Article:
Safe Pressure Support ventilation

3 min readNov 1, 2020

Patient Self Inflicted Lung Injury (PSILI) is a relatively new concept within mechanical ventilation. It implies that a patient can cause harm to their own lungs, creating barotrauma due to excessive transpulmonary pressure as a result of increased patient respiratory effort.

In Pressure Support mechanical ventilation it's not always easy to identify patients at risk of PSILI. This page will attempt to show you how.

Intensivist Dr. Bertoni proposed a method to estimate respiratory effort: he proposed that by performing an expiratory hold and determining the nadir of the pressure curve, you could determine the force that the patient is applying to the ventilator in order to receive an inspiration, i.e. the predicted muscular pressure or Pmus. Despite seemingly adequate respiratory support by the ventilator, some patients still show signs of increased respiratory effort. The predicted force applied specifically to the lungs, i.e. the predicted transpulmonary pressure or Ptp, is derived from this as well.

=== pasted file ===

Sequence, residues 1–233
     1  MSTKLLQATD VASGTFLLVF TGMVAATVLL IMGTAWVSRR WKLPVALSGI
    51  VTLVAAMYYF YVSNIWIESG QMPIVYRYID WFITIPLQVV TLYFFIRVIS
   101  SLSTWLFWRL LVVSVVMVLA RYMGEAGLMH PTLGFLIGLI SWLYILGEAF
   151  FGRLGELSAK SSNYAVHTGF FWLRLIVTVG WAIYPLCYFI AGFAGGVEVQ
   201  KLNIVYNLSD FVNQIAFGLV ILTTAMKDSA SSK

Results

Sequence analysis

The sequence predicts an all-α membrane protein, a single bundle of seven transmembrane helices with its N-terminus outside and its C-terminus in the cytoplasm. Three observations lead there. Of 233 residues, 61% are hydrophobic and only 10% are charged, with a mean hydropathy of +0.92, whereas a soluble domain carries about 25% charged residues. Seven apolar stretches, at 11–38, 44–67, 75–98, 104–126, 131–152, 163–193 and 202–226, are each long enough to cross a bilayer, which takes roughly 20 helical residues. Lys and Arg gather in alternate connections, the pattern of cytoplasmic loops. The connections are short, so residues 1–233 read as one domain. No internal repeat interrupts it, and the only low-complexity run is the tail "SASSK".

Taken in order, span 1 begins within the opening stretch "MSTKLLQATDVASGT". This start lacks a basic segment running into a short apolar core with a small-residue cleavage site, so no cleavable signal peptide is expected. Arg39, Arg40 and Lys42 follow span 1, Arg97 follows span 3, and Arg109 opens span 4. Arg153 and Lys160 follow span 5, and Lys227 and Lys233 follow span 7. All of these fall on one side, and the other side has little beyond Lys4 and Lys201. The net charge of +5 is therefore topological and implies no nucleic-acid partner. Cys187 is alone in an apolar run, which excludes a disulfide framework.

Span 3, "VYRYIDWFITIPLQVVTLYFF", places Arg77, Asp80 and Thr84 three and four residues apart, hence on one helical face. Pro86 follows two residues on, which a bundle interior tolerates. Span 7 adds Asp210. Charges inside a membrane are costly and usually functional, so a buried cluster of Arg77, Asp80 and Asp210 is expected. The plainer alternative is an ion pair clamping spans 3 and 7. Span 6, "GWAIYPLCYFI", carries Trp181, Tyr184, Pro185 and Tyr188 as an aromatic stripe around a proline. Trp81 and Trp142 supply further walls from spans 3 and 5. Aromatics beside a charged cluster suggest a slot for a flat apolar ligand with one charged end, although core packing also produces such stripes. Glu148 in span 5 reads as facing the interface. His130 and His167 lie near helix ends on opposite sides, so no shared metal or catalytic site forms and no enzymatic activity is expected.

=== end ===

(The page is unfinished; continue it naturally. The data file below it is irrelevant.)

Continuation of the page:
How to perform the measurement

  • Press record on your ventilator
  • Perform an expiratory hold
  • Retroactively, note the peak pressure, total PEEP and Pnadir (the lowest point of the inspiratory effort of the patient)

How to calculate Pmus and Ptp

Or… use VentICalc to make this a whole lot easier!

Refresher: P0.1

The airway occlusion pressure can also be described by the P0.1 value, i.e. the pressure drop in the first 0.1 seconds (i.e. 100 ms) of the inspiration. This pressure is always negative (as it is an inspiratory effort), but is sometimes depicted as positive…


I'm an intensivist and clinical pharmacologist, spreading the love for and knowledge of acute and critical care medicine on YouTube